The Beer Mile has come a long way from its days as a fringe event organized by college and high school runners in Canada.
Now there are world championships, and everyone from 44-year-old mothers of six to Olympians are trying out the race. But as you can imagine, the event is not for everyone. Take Lance Armstrong, the disgraced former cyclist, who could not get through one-fourth of the race.
Even without the seven Tour de France titles of which he was stripped for admitting that he used performance enhancing drugs, Armstrong is still an incredibly accomplished athlete. A former standout triathlete, Armstrong has completed the New York City Marathon twice in under three hours.
But the beer mile -- in which participants must drink one beer, run a lap on the quarter-mile track, and then repeat the sequence three times -- was too much for Armstrong. In fact, the 43-year-old dropped out after one lap.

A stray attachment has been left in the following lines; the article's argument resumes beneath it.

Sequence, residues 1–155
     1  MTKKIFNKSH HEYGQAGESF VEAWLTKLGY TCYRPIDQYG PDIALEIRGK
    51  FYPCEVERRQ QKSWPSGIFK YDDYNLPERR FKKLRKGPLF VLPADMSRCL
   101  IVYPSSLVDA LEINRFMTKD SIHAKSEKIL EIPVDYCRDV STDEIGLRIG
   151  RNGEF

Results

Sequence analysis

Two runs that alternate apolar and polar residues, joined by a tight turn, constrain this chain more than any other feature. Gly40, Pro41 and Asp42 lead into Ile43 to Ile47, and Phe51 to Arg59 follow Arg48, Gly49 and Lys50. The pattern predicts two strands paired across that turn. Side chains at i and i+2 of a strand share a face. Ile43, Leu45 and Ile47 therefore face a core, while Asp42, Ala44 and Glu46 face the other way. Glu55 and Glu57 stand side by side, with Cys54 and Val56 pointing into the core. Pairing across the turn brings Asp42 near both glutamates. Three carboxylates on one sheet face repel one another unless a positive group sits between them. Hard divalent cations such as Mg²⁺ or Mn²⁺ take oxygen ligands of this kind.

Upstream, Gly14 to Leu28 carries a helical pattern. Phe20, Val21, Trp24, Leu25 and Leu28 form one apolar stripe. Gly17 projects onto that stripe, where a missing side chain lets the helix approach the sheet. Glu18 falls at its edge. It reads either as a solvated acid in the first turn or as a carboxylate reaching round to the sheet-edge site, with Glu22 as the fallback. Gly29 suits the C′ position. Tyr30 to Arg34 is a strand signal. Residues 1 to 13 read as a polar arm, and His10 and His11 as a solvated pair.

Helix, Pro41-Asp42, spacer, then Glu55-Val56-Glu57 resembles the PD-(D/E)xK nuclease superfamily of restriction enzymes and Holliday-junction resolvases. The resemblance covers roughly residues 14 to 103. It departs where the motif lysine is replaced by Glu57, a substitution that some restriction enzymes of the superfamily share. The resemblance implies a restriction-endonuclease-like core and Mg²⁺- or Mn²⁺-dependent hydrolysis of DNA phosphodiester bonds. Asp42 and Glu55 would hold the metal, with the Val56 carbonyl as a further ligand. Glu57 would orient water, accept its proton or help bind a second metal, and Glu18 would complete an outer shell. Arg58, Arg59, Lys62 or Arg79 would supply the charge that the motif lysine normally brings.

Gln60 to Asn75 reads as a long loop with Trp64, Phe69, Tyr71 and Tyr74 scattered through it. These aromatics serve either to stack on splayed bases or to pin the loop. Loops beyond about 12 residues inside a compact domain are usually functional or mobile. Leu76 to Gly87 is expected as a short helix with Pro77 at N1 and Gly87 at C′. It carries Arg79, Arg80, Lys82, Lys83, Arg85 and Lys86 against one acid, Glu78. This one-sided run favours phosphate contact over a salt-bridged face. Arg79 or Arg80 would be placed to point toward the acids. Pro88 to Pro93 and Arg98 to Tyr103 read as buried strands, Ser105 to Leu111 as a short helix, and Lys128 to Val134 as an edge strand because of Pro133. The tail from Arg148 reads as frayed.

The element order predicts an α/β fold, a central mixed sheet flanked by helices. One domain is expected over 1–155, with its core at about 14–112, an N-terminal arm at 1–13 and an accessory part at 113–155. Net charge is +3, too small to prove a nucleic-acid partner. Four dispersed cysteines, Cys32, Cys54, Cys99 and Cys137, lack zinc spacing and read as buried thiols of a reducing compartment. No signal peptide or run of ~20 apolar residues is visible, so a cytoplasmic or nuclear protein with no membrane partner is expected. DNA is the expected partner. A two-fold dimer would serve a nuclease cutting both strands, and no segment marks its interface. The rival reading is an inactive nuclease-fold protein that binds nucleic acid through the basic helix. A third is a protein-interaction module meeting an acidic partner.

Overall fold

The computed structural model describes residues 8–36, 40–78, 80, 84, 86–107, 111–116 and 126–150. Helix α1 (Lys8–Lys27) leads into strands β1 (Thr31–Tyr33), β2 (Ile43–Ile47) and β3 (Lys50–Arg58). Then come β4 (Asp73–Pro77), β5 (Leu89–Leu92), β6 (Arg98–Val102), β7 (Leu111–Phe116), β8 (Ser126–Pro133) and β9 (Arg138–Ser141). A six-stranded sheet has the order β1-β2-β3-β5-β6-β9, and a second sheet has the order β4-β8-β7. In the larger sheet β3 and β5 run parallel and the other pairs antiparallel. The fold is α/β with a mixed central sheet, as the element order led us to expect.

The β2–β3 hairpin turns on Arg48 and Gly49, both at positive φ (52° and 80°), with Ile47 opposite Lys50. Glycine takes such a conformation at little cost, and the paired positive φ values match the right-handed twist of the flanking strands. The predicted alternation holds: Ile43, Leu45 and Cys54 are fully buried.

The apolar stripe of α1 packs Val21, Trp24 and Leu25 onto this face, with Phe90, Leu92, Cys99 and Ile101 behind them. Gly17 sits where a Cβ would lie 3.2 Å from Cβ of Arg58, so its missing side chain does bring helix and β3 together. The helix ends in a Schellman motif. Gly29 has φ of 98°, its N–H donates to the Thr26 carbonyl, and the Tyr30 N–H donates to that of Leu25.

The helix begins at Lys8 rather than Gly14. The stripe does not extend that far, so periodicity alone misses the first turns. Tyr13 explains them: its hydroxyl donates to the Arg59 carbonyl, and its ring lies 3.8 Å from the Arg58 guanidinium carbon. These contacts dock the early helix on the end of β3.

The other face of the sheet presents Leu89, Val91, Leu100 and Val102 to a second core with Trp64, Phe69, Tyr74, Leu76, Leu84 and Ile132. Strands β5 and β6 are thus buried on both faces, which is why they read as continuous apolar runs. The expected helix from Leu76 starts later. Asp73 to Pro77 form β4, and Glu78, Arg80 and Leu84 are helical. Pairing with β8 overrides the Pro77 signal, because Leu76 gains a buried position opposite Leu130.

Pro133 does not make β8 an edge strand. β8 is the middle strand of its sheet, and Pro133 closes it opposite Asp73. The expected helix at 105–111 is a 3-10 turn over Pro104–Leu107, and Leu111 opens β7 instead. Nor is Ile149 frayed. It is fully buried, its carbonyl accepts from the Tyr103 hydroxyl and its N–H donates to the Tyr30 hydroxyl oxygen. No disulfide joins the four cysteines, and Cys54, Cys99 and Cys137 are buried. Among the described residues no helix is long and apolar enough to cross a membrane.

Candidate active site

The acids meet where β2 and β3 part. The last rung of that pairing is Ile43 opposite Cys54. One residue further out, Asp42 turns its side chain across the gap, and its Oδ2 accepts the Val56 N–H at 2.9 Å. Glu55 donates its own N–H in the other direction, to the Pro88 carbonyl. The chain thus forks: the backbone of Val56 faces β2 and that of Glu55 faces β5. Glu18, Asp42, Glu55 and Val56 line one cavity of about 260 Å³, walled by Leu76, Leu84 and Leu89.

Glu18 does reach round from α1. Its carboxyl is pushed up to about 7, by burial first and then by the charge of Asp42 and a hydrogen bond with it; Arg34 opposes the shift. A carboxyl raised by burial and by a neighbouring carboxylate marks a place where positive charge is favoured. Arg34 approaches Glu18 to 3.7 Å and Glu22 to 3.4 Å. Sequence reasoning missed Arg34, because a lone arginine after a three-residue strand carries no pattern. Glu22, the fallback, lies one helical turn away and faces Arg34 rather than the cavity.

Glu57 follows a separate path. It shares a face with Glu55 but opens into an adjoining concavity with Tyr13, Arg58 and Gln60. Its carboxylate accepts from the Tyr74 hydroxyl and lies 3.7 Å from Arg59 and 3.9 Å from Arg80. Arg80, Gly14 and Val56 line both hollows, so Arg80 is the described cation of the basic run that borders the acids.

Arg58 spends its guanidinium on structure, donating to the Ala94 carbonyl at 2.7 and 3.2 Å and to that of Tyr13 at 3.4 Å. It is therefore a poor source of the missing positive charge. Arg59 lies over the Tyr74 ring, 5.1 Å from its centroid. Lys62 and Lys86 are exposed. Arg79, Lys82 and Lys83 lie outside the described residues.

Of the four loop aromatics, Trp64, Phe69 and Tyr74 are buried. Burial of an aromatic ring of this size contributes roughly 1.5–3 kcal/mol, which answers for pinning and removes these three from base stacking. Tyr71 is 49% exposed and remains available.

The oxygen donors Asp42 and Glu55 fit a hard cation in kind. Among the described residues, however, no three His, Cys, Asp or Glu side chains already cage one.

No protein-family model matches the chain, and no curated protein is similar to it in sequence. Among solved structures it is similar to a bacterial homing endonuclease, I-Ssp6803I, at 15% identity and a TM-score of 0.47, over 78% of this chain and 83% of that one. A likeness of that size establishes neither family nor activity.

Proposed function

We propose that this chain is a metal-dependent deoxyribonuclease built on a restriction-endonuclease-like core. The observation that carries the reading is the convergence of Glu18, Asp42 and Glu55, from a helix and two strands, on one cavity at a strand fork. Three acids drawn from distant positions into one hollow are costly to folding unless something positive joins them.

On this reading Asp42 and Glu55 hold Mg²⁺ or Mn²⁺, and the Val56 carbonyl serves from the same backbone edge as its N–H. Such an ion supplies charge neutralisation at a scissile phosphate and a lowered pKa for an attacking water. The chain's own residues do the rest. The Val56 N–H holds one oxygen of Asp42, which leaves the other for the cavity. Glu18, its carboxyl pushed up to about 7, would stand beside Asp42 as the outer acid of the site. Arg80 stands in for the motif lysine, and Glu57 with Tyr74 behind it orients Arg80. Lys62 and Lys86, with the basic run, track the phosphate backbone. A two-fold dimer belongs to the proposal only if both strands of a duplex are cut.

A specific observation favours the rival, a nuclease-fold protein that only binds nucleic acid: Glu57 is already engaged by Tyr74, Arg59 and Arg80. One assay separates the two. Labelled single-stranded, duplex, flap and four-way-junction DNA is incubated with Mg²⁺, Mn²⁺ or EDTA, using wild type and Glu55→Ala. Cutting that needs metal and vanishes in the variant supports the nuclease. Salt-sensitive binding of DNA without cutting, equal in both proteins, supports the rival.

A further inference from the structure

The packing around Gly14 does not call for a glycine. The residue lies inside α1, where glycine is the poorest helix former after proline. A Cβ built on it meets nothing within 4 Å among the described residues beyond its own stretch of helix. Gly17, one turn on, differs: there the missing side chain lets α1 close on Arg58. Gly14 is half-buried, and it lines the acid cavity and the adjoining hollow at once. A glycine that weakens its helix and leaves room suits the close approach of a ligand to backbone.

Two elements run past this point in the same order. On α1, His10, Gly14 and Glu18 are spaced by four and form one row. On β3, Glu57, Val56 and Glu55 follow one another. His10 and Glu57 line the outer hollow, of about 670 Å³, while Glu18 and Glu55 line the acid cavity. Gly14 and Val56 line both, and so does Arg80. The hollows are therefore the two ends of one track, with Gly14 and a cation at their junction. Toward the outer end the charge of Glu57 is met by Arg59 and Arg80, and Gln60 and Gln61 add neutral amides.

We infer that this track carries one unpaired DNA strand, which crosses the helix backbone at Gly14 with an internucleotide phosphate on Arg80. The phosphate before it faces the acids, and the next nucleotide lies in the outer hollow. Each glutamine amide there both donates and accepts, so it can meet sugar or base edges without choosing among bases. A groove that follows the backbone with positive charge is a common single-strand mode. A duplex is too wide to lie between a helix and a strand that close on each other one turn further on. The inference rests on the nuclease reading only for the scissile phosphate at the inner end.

"That was way different than I thought," Armstrong said after the race.
Because he's older than 40, Armstrong would be competing in the "super masters" group and would have to run the race in 5:51 to set a world record. By comparison, 44-year-old mother of six Chris Kimbrough recently set a women's world record of 6:28 in her first attempt.
The overall men's world record in the beer mile is 4:57.1, set by James Nielsen on April 27.
In case you think you've got what it takes to compete in this grueling event, the Flotrack Beer Mile World Championships will be held in Austin, Texas, next month.
Don't expect to see Armstrong in the field.
"One and done," he said after his failed attempt.